Thursday, December 23, 2010

Christmas cookies, part one

Gluten free lemon sugar cookies! Recipe adapted from Living Without. I tweaked the flour blend -- slightly more white rice, slightly less potato -- and skipped the glaze, because the cookies tasted so damn good without them and I didn't want to add too much sweet. Instead, I dusted them with powdered sugar.

The verdict: The best effing sugar cookies I've ever made in my life. I brought them to work and everyone loved them. No one thought they were gluten-free. I'm definitely making another batch before the holiday season is over.

Friday, December 10, 2010

Back to blogging

Dudes! It's been a while.

Thinking about Christmas cookies has brought me back to the blog. During recent holiday seasons, I haven't had the energy or strength to make more than a batch of fudge. Post diagnosis, I see how much potential my kitchen truly has.

So I'm making a real baking list this season. My awesome husband, Nate, is giving away homebrew for Christmas, and I want to tuck in some cookies with his six-packs. I doubt anyone will notice or care that they're gluten-free -- most of our friends just like to put food in their mouths and don't care if it's made with wheat flour or amaranth, as long as it tastes good.

So here's my list:
Thin Mints (using Gluten-Free Girl's Oreo recipe for the wafer, and Heidi Swanson's Thin Mint recipe for the coating.)
Sugar cookies
Gingerbread women
Peanut butter fudge (Alton Brown's recipe)
Macarons (from Hisako Ogita's "I Love Macarons")

Will I get to the whole list? Probably not. But I'll post pictures of what I end up making.

In the meantime, latkes:

Thursday, June 3, 2010

A fine beer alternative

Here is my secret: I've never been a huge beer fan.

So compared to other culinary losses I've faced, giving up the barley-based brews wasn't a huge deal for me. It did, however, break my husband's heart. He has thrown himself into homebrewing over the past year. Since my diagnosis, he's been researching sorghum-based beers and plans to make one for me in the next month. We'll share recipes if we're successful.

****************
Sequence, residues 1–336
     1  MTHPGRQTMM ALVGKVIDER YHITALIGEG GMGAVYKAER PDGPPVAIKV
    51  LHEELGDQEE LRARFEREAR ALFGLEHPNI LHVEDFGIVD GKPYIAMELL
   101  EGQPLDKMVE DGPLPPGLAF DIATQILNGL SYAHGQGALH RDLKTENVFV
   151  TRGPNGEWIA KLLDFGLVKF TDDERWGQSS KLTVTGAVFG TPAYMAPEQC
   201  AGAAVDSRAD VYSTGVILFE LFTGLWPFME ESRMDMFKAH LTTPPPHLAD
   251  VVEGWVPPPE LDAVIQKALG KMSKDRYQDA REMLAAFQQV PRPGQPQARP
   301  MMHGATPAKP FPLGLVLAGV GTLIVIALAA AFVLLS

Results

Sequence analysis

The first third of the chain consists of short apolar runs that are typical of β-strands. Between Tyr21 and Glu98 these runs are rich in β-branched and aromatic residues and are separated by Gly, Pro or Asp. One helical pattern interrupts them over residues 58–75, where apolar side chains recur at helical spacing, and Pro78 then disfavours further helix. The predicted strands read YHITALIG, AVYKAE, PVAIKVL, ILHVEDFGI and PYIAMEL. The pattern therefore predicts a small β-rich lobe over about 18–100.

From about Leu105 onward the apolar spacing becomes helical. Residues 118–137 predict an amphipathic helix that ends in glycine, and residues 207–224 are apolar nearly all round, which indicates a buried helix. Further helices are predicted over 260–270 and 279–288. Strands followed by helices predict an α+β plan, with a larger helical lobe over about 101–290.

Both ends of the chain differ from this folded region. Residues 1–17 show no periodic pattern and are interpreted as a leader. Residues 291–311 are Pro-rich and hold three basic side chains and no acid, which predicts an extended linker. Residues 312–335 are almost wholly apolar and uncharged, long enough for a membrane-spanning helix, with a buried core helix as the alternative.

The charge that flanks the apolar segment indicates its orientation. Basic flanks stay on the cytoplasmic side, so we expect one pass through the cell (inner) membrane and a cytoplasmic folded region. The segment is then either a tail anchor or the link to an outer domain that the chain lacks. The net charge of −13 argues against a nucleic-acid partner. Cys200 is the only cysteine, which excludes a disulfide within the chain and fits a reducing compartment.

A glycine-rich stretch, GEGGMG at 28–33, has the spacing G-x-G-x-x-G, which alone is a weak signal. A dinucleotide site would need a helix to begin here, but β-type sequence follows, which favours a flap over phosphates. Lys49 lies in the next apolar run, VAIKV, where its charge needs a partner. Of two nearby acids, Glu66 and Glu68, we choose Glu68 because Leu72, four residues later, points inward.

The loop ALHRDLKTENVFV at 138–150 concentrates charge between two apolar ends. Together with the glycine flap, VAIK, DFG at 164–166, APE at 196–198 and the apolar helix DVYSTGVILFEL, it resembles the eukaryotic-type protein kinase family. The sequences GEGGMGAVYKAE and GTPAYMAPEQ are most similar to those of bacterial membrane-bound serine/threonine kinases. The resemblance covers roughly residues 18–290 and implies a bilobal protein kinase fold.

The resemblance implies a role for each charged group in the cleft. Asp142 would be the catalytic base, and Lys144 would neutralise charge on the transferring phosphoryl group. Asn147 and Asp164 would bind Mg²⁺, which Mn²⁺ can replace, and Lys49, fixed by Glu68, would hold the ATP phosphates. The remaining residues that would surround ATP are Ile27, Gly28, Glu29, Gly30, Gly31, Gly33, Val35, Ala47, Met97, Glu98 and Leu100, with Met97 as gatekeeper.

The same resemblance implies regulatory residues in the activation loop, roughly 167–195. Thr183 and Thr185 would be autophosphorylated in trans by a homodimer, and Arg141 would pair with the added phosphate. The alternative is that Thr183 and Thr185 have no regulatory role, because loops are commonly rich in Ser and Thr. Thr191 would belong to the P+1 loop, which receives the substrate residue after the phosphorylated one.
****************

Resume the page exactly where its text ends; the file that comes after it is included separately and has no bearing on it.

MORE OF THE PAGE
Not a fan of sorghum beer? Me neither (with one exception, which I'll post about later). It's cool, though -- There is always hard cider.

Hard apple cider, like this one from Portland's Lucky Labrador, is naturally gluten-free. It's also naturally freaking delicious. I'm also a fan of Ace Pear Cider, which is available on-tap at several bars in Idaho -- unlike gluten-free beer, which is hard to find around these parts.

So yeah, I'll take the easy-to-find, deliciously fruity cider over the rare, kind-of-icky gluten-free beer on tap. With a side of pub fries, please.

Tuesday, June 1, 2010

A diner breakfast

I visited Bob's Red Mill in Milwuakie, Ore. on Memorial Day weekend. Along with a store front (and awesome prices on baking mixes), they have a cafe that serves breakfast and lunch. I got home fries, scrambled eggs, and GF toast -- the first toast I'd had since my diagnosis.

Side note: My husband's uncle apparently goes to Model A club with Bob's Red Mill owner, Bob Moore, and introduced me to him. He sports a red coat, cap and trimmed white beard, just like on the company logo. I was a little star-struck.

Monday, May 31, 2010

Recipe: Gluten-Free Marbled Peanut Butter-Chocolate Brownies

Before my CD diagnosis, I never had a sweet tooth.

Post-diagnosis, I've wanted sugary sweets every single day. Maybe I'm craving it because I eat less carbs now? Maybe because most gluten-free baking books have desserts on the cover? I don't know why, and I try to resist the urge, but man oh man -- all I want is cookies and cakes and scones.

Enter Marbled Peanut Butter-Chocolate Brownies.

Awww, yeah.

I made up this recipe after seeing a similar-looking treat at a potluck. The original married chocolate chip cookie bars and brownies into one sexy-looking dessert.

But I didn't want cookies. I wanted peanut butter. I used a standard flourless peanut butter cookie recipe and combined it with a fudgy brownie box mix for an easy bar that looks... kinda fancy. Because the dough and batter are dropped in alternating spoonfuls, the brownie is marbled throughout instead of just on top. It's not the first time it's been done, but man, I was proud of myself.

More importantly, they taste good. I brought some to work and my sugar-conscious boss kept sneaking small pieces.

Gluten-Free Marbled Peanut Butter-Chocolate Brownies

1 box Betty Crocker gluten-free brownie mix
1 cup natural smooth peanut butter*
1 cup sugar
3 eggs
1 tablespoon vanilla
1/4 cup unsalted butter, melted

Preheat oven to 350 degrees. Grease a 9x9 inch non-stick pan.

In medium bowl, combine brownie mix, butter and two of the eggs. In separate bowl, combine peanut butter, sugar, vanilla and remaining egg.

Place alternating spoonfuls of brownie batter and peanut butter dough in the pan. Try to get a good mix of the two, but don't swirl them together too much. Bake for 30 to 35 minutes. Let cool completely before cutting, or you will be eating peanut butter chocolate crumbs instead of brownies.

*For this recipe, I recommend natural peanut butter -- many peanut butter brands contain added sugar (or, in some cases, HFCS), which results in a way-too-sweet dessert. I use Adam's 100% Natural Peanut Butter, which has to be stirred. For best results, stir and refrigerate before use -- at least a few hours. Otherwise, the peanut butter is oily and the dough doesn't hold as well.

Two kinds of pizza

I made this pizza made with Bob's Red Mill pizza crust. On the left: tomato and basil sauce, mozzarella, and crushed plum tomatoes. On the right: pesto, spinach, feta, a tiny bit of mozzarella and plum tomatoes.